By Ray Stern
By Ray Stern
By New Times
By Amy Silverman
By Stephen Lemons
By Stephen Lemons
By Monica Alonzo
By Chris Parker
Located up a hill from the northern Arizona city's bustling downtown, the street presented an attractive slice of Americana. Youngsters frolicked in yards of the street's spacious old homes. Seasonal flowers bloomed everywhere.
Everything seemed in order. Everyone seemed safe.
But what was to happen there on September 18, 1991, would shatter the already troubled lives of the man and woman who lived in the two-story Victorian house at 145 South Mount Vernon.
Yavapai County sheriff's deputy Clinton Lee knocked on the front door that day at about 3:55 p.m. "Police officers," he announced loudly. "We have a search warrant."
Within seconds, a thin, haggard-looking man opened the door. Lee and about ten other officers from the Prescott Area Narcotics Task Force--known as PANT--barged in. The narcs ordered the man, 34-year-old Robert Christian, to lie face down on the floor. They looked for Christian's housemate, Ronda Crace, but she was at work.
After a few minutes, Lee allowed Christian to sit on a couch in a parlor. He handed the man a copy of the search warrant that had authorized PANT to raid the home.
The warrant was a mind-blower: It alleged that Christian and Crace had conspired to "commit homicide by transmitting the fatal disease AIDS" to Prescott-area teenagers. And it claimed the pair had involved the unnamed youths "in a drug offense."
How did PANT know this? The warrant said Clinton Lee had spoken with an anonymous phone caller the day before. The caller--Lee didn't specify gender--said Christian and Crace had been smoking marijuana with "several" high schoolers inside their home a few days earlier, and had been "in conversation" with the youths about amphetamines.
According to the warrant, PANT officer Wayne Wright also had received anonymous phone calls the day before from two people who'd alleged much the same as Lee's caller. Both of Wright's callers said they'd met the pair in a Prescott AIDS support group and that Christian was wanted on arrest warrants in five states.
Wright's callers added another detail that made PANT gasp.
"The callers said that Christian and Crace were offering drugs to the teenagers present in exchange for sex with them," Lee's affidavit for the search warrant read. "A life-threatening set of circumstances exists for the teenage children present at the residence. . . ."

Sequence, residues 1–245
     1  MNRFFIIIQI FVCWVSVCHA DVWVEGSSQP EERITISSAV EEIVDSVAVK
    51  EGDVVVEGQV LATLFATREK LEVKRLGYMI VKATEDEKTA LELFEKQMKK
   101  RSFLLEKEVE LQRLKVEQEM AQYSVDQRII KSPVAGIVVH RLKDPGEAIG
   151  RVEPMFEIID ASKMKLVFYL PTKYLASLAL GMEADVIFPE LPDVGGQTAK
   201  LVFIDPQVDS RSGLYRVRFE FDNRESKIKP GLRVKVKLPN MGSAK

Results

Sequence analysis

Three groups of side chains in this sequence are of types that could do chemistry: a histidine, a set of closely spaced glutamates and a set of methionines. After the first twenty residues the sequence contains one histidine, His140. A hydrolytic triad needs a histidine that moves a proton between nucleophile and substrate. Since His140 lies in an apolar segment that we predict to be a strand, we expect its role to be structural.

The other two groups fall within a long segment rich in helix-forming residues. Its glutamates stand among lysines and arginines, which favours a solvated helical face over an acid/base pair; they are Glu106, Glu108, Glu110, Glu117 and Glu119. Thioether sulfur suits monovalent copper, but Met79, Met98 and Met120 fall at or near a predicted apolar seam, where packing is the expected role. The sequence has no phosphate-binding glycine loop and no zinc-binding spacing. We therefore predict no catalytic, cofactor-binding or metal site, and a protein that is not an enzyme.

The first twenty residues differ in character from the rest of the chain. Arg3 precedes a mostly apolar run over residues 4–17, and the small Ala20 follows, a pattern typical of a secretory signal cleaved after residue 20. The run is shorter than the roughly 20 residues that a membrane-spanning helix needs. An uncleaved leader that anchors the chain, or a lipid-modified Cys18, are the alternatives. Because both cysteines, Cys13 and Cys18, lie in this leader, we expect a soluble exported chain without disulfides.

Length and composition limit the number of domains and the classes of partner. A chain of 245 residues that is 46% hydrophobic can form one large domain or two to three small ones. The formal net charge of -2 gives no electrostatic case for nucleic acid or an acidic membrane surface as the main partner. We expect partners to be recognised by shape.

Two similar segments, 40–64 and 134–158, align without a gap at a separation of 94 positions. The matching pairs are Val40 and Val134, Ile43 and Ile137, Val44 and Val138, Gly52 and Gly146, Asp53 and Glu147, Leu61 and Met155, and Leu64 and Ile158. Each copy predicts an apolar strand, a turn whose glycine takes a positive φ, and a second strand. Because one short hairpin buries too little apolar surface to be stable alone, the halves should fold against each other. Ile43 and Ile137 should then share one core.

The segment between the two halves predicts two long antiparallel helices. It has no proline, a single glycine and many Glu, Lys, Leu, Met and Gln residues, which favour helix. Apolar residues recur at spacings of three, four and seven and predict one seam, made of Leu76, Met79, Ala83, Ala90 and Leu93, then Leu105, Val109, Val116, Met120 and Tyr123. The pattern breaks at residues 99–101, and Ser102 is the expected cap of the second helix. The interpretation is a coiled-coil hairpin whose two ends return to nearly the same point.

Clinton Lee rushed over to the Yavapai County courthouse after he filled out the search warrant. Superior Court Judge Richard Anderson quickly rubber-stamped it. An hour later, PANT agents donned rubber gloves, strapped on their guns and drove en masse to Mount Vernon Street.
Sitting in his parlor, Robert Christian agreed to answer Lee's questions. Yes, he admitted, he had full-blown AIDS. Yes, he had marijuana in the house, but it was for his own use only; he smoked it because it eased the pain of his terminal illness.
But no way--never!--Christian told Lee, had he lured teenage kids into a sex-for-drugs scheme.
At 5:10 p.m., 28-year-old Ronda Crace returned home from her job as a secretary for a Prescott accounting firm. She soon told Clinton Lee she was HIV-positive, though she didn't have full-blown AIDS. Yes, she knew there was marijuana in the house. Lee then fired the zinger at her.
"He said, 'Aren't you mad you have AIDS?'" Crace recalls. "Doesn't that make you want to give it to other people?' I said, 'No! Are you people sick?' I should have been drinking a beer and watching a ball game, but instead they were accusing me of being this pervert. I had visions of being dragged into the town square."
PANT's search uncovered about three ounces of marijuana. The narcs also seized computer disks, home videotapes, a journal, a photo album and condoms.
"The fact that Christian had condoms in his possession," Clinton Lee said in an interview with a defense attorney, "would indicate to me that he possibly was involved in being sexually active with someone."
Lee arrested Crace and Christian and booked them into the Yavapai County Jail. The two were charged with possessing marijuana for sale and with possessing drug paraphernalia--a bong and roach clips--but not, however, with conspiracy to commit murder by infecting teens with HIV.
Christian spent four days in jail and Crace three before they made bail. But their release pending trial provided only a momentary respite. On Sunday, September 22, 1991--four days after the Mount Vernon Street bust--the minor pot case became something far bigger.
That morning, the headline of the lead story in the Prescott Courier flabbergasted readers: "ARREST HERE INVOLVES SEX, DRUGS, AIDS, KIDS." A smaller headline read: "Sex-for-Drugs Swap Alleged Against Pair With HIV Virus."
The story listed the names and address of Robert Christian and Ronda Crace, the "couple" whose "alleged sex and drugs activity is thought by police to involve several high-school-age juveniles of both sexes."
The allegations frightened and infuriated the community of 30,000 and then the rest of Arizona after the story hit the Associated Press.
"I remember talking at a Little League game," says Laurie Boaz, a Prescott mother of a young child. "My feeling was, those animals should die a slow, painful death. Of course I believed it. It was in the newspaper, right? It took me a long time to think any different."
But she and others in Prescott would learn that evidence of the "sex-for-drugs swap"--the justification for the raid and outing by newspaper of Christian and Crace--didn't exist.